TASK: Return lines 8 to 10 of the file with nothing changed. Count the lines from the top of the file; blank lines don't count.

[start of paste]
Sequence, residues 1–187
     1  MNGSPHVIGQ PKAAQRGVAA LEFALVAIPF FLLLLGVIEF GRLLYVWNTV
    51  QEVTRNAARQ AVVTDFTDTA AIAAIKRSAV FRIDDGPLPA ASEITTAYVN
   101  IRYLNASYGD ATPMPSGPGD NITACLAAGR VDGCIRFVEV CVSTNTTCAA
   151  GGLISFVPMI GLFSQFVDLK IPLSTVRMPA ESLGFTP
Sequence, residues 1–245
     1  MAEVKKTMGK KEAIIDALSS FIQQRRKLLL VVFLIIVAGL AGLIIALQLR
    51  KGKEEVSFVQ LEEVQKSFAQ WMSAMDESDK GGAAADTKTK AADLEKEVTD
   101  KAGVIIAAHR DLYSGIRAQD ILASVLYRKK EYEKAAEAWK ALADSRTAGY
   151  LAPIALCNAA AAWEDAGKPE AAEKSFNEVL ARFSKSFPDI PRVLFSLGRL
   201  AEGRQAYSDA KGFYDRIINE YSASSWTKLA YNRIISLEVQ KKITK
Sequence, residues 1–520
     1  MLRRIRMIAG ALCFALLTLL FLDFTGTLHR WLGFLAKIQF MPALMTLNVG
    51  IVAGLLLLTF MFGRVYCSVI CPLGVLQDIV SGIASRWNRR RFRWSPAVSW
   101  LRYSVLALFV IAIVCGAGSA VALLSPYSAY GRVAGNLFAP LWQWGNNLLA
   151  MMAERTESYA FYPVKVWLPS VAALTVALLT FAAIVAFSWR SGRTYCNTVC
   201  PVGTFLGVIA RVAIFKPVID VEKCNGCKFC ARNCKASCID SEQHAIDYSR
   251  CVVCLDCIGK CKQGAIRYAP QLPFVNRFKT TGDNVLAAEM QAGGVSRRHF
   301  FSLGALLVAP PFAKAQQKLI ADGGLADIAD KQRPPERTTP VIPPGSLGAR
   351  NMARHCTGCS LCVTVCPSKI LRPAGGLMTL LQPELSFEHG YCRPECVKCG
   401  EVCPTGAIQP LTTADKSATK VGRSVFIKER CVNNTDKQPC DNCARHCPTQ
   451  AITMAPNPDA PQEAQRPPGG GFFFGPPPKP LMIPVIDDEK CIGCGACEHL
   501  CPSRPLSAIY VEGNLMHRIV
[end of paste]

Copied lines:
    51  KGKEEVSFVQ LEEVQKSFAQ WMSAMDESDK GGAAADTKTK AADLEKEVTD
   101  KAGVIIAAHR DLYSGIRAQD ILASVLYRKK EYEKAAEAWK ALADSRTAGY
   151  LAPIALCNAA AAWEDAGKPE AAEKSFNEVL ARFSKSFPDI PRVLFSLGRL